East & Mason is located in the historic Masonboro Sound District, rich with history and well-known for its preservation of coastal architecture dating back to the 1830s. Just off the shore is the protected, Masonboro Island, accessible only by boat. This island is a dedicated nature preserve and the largest undisturbed barrier island along the southern part of North Carolina.


“The Masonboro Sound Historic District, on the coast near Wilmington, is of statewide historical significance as the oldest known coastal resort in North Carolina”

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Masonboro Sound’s sense of place has been enriched from generation to generation.

“Masonboro Sound slowly developed throughout the early nineteenth century as an exclusive summer resort of private cottages. The development of Masonboro Sound has been characterized by two distinct features. Virtually all of its summer residents come from Wilmington or the countryside nearby Wilmington. Indeed, most of the Masonboro Sound residents have known each other through business, social, and civic circles in and around Wilmington, and several of the families have become related by marriage. Secondly, Masonboro Sound developed in a resolutely non-commercial vein, without the hotels, pavilions, and arcades that have characterized much of North Carolina’s coastal development.”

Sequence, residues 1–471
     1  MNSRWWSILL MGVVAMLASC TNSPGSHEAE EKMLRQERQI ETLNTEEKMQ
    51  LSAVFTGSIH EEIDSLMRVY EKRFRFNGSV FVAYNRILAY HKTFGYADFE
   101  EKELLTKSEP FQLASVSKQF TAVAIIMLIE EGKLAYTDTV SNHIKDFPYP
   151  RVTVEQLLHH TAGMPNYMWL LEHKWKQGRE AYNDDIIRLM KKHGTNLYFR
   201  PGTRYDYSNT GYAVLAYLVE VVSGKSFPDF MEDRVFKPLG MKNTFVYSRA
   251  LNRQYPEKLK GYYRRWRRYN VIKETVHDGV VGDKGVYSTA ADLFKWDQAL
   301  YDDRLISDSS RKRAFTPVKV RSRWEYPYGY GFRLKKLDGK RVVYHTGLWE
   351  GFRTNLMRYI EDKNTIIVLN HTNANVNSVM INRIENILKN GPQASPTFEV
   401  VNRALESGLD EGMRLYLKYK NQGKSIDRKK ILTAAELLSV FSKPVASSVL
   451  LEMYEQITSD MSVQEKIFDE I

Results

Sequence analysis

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Masonboro History
About the history

Just outside East & Mason’s “sound-side” entrance under the live oak tree is the heart of the area’s historic district, featuring centuries-old live oak trees that mark entrances to the 19th and early-20th century resort cottages, Colonial Revival homes, and several pre-Civil War mansions.

About the history

In 1992 this historic, sound side neighborhood was added to the National Register of Historic Places. Homes in this area boast eastern views across the Sound to Masonboro Island.

Along Masonboro Sound Road, sits a remembrance of the home built by William Hooper, a Wilmington attorney who signed the Declaration of Independence. His main home was destroyed by a fire in 1931.

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